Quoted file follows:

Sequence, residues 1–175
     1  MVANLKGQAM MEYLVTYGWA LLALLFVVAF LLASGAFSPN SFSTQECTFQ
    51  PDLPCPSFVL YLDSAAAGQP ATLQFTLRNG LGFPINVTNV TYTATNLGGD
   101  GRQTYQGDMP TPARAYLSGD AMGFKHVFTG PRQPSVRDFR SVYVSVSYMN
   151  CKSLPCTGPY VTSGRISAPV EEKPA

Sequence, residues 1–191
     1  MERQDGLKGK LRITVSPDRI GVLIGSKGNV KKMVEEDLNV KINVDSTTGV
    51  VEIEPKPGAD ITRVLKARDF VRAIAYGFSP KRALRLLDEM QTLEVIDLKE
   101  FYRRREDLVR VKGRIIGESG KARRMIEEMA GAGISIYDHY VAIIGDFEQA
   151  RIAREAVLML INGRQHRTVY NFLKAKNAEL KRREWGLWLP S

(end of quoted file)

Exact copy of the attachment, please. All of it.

Sequence, residues 1–175
     1  MVANLKGQAM MEYLVTYGWA LLALLFVVAF LLASGAFSPN SFSTQECTFQ
    51  PDLPCPSFVL YLDSAAAGQP ATLQFTLRNG LGFPINVTNV TYTATNLGGD
   101  GRQTYQGDMP TPARAYLSGD AMGFKHVFTG PRQPSVRDFR SVYVSVSYMN
   151  CKSLPCTGPY VTSGRISAPV EEKPA

Sequence, residues 1–191
     1  MERQDGLKGK LRITVSPDRI GVLIGSKGNV KKMVEEDLNV KINVDSTTGV
    51  VEIEPKPGAD ITRVLKARDF VRAIAYGFSP KRALRLLDEM QTLEVIDLKE
   101  FYRRREDLVR VKGRIIGESG KARRMIEEMA GAGISIYDHY VAIIGDFEQA
   151  RIAREAVLML INGRQHRTVY NFLKAKNAEL KRREWGLWLP S